Lebanon political protests continue

Hezbollah-led opposition sit-in against the Siniora government enters 16th day.

    Hezbollah workers spray disinfectants to prevent diseases in camping sites

    Power play

     

    Hezbollah is pushing for more power in a new Lebanese cabinet partly to avoid being disarmed by any future government, a senior official said.

     

    The remarks Friday by Mahmoud Komati, deputy head of Hezbollah's political bureau, were the first time the Shia Muslim group has publicly acknowledged a direct link between weapons possession and its drive for more power.

     

    On the other hand, an anti-Syrian cabinet minister accused Hezbollah on Saturday of trying to scuttle a deal brokered by the Arab League to resolve Lebanon's deepening political crisis.

     

    Marwan Hamadeh, the telecommunications minister, lashed out at Hezbollah as it threatened to gradually escalate its protests aimed at bringing down the Siniora government.

     

    "Of course, there is a chance for an agreement if the parties move towards a compromise," Hamadeh said. "But apparently Hezbollah is setting conditions that are still far from what [Arab League chief] Amr Moussa has proposed to solve the crisis."

     

    "Which means that the political deadlock is still there," Hamadeh said in English. "We will not accept Hezbollah's conditions for a one third-plus one. Only Moussa's proposal is acceptable."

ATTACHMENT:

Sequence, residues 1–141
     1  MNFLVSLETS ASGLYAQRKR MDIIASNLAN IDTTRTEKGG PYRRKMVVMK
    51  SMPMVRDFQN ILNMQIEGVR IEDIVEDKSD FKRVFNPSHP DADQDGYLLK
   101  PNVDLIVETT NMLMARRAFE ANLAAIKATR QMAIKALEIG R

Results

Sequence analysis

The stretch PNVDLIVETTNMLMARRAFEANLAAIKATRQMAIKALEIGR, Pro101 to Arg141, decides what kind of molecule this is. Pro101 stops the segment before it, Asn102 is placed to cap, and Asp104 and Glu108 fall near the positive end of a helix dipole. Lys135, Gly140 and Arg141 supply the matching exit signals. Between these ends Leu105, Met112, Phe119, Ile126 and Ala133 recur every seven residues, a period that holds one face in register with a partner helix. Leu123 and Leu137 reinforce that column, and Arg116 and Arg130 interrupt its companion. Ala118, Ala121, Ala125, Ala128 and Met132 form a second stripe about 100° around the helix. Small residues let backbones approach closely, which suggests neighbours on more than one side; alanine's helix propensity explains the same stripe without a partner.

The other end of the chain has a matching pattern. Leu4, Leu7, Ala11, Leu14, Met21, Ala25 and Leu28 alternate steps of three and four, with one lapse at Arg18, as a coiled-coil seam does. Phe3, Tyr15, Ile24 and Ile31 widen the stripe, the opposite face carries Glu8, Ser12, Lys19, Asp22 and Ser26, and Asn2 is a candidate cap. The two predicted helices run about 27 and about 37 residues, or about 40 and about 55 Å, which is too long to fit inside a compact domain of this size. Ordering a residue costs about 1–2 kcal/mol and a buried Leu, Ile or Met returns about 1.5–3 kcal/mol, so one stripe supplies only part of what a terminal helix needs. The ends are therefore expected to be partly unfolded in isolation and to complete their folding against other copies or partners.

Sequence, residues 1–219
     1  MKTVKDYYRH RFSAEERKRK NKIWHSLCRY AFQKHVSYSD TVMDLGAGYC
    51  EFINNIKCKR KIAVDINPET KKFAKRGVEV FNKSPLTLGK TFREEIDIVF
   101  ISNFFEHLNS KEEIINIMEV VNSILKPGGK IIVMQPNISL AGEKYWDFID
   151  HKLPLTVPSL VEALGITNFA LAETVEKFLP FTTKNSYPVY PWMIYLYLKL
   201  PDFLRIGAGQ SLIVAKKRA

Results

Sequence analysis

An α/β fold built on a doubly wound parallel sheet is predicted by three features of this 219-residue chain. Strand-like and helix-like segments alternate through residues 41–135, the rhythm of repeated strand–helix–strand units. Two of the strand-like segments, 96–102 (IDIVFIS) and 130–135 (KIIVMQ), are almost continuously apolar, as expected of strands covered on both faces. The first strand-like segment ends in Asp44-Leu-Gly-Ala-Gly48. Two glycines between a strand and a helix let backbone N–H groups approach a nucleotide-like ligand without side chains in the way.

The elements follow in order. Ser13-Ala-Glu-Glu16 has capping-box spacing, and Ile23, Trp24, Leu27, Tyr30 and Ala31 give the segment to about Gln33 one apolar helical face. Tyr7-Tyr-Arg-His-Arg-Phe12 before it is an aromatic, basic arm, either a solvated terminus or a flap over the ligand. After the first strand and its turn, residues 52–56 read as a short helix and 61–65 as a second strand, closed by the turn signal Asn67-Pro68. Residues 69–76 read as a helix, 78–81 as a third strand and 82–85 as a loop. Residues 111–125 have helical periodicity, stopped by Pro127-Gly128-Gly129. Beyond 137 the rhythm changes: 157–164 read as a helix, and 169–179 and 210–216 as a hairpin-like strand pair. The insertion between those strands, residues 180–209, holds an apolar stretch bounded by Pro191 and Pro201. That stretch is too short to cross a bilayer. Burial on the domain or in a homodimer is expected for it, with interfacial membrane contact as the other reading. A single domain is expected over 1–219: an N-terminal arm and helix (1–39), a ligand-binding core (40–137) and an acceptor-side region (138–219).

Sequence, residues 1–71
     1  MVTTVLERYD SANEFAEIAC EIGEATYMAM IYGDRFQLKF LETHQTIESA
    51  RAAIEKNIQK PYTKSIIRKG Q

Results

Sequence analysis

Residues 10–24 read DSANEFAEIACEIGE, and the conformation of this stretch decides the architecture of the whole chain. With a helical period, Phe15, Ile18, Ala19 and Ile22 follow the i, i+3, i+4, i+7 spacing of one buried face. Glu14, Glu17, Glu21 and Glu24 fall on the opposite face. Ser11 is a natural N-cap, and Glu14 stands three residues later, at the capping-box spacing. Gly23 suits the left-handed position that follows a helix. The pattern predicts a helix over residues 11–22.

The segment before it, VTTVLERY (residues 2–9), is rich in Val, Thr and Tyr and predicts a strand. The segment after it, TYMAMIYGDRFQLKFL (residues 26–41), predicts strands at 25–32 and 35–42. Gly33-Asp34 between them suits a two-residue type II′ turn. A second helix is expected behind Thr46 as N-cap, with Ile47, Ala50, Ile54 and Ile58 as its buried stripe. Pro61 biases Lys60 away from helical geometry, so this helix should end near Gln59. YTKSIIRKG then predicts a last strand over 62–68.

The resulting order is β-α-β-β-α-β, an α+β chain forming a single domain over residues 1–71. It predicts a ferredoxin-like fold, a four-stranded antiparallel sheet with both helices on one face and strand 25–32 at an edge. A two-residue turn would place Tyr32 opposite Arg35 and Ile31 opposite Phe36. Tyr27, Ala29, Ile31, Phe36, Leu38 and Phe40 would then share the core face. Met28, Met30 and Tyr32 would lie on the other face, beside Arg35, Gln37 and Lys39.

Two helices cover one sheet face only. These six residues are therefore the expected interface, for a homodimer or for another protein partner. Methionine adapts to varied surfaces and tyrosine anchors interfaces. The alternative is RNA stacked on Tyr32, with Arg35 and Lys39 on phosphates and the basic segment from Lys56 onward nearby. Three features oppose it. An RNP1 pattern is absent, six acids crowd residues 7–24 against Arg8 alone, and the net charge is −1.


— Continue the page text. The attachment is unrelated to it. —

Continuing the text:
Consensus principle

     

    After two days of marathon talks with rival Lebanese factions, Moussa announced on Thursday that the government and opposition have agreed on a national unity cabinet that would make major decisions only by consensus.

     

    Moussa said the parties had agreed on a formula that would give the anti-Syrian allies less than two-thirds of the cabinet and leave the opposition short of its demand for just over one-third.

     

    A neutral cabinet minister would maintain the balance between the rival sides.

     

    But the Arab League head said additional negotiations are needed for a deal, and he might return to Lebanon in the coming days.

     

    A leading member of the pro-Syrian camp, Omar Karami, a former prime minister, said that unless Moussa returns in two or three days to complete an agreement, his side will step up the pressure on the government.

    SOURCE: Al Jazeera and agencies


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